Tuesday, September 17, 2013

mishna and Pythagorean theorem

altar with the ramp and aravos towering over
Today 9 yo had his mishna lesson. He is in 4th chapter of mishna Succah. His teacher asked him at the end what kind of review he wanted and he said that he wanted to build a mizbeach (altar) surrounded by aravot (willow branches). His teacher agreed, but it ended up being up to me to enforce it. When the time came, he built a slapdash quick version out of construction paper. I said that it is unacceptable and it needs to be scaled properly. He was annoyed, as by that point whatever idea he had from the morning left his head. Then he said that he does not know how to build to scale. I used example of Legos and said that one ama ( hand span) could be one Lego block. He complained that he did not know the dimensions. I pulled out my handy-dandy Mishkan book and showed him a  picture, with all dimensions and descriptions. He took it downstairs and started building.

His final product was all yellow, to reflect the color of copper, I guess. It was ten amos high and five amos on each side. Then the discussion turned to the ramp. He found a Lego block which can pivot and attached flat boards to it. He excitedly said that he knows the ramp to be 30 amos.

While I was making dinner, and he was finishing building, an idea crossed my mind. When he brought the final model up, I asked him, which dimension of the ramp was 30 amos? Of course it was the base, but, as I expected, he built the actual ramp to be 30 Lego blocks long. I was able to detach it and show him how it makes a difference whether the base is 30 amos, or the ramp part (hypotenuse). Then I told him that there is a simple way to calculate how long the ramp should be, once you know the length of the base and the side. I was also hoping that I will do it correctly, as any calculations while holding a kvetchy baby tend to be off. I counted out loud: "The mizbeach is 10 amos, that's 100 once you square it, and the base is 30 amos, that's 900 squared, add them together and you get 1000. Now the square root of 1000 is..." and I realized that I cannot do it in my head. I discovered that my phone calculator does not have a square root function. 9 yo knew that the one on the computer does. He tried guessing the answer while I was finding an appropriate device for our math. He was surprised by the answer. He tried a few estimates, and played around for a bit, squaring numbers with more and more decimals, approaching closer and closer to 1000.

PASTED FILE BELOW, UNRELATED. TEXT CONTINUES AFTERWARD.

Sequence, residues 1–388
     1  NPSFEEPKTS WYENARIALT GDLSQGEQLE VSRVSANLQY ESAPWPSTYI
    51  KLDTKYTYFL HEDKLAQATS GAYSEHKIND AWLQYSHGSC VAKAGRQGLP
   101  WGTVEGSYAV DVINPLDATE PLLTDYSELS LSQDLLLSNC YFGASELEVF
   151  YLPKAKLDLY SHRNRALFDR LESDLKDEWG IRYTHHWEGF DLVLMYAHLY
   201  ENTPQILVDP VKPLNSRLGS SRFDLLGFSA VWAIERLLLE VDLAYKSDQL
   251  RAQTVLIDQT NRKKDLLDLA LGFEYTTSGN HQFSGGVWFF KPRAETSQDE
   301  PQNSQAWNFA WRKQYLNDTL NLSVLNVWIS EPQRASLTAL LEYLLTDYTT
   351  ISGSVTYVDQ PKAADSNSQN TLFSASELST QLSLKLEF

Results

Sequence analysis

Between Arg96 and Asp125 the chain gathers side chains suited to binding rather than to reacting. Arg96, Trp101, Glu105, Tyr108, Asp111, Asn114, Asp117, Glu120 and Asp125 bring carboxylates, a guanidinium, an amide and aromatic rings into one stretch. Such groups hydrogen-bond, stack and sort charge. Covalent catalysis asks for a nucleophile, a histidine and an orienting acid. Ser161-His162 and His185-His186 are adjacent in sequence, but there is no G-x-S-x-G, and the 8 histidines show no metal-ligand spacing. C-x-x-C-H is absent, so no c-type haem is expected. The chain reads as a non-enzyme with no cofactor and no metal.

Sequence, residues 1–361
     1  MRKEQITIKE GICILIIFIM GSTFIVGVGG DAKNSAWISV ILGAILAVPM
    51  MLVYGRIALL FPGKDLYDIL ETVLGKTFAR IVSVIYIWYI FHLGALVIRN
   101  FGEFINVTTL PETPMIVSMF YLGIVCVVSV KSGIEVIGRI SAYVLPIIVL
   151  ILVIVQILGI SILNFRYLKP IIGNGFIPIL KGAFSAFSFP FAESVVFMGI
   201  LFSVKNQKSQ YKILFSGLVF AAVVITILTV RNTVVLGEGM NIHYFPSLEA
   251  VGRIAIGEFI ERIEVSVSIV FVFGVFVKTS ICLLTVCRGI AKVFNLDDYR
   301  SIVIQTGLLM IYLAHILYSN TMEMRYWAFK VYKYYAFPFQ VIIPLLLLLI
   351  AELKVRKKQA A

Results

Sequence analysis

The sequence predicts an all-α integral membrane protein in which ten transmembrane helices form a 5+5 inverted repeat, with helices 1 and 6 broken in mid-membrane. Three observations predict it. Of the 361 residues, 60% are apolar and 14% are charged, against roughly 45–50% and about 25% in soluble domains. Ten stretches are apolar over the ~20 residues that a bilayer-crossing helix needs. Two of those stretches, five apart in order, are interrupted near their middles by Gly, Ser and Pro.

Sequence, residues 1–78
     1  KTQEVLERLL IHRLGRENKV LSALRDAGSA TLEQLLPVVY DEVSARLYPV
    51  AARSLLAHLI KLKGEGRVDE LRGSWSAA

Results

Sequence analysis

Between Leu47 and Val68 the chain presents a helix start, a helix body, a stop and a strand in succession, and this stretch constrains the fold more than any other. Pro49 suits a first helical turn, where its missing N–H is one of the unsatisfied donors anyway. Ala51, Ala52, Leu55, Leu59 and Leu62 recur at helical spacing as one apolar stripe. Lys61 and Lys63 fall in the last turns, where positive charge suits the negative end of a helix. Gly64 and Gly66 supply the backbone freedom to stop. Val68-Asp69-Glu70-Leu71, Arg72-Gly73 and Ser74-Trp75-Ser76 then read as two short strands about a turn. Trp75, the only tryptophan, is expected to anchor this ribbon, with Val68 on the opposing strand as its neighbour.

I told him that there was a Greek by the name of Pythagoras, and made up how he had to build up ramps, too, especially when people got tired of running out of wood. He did not exactly buy my story, and he was not so keen on adding 1.6 amos to his ramp, but we had a great fun with this mizbeach.

A few days ago he expressed fear and upset over falling behind his peers in school. Specifically he mentioned math and fractions and division. I said that I do not think he is behind, but if he's worried, we can do some math. He did not want to do math, he said that he just used it as an example. After we finished our calculations today, I whispered to him that I am pretty sure they are not learning about Pythagoras in fourth grade.

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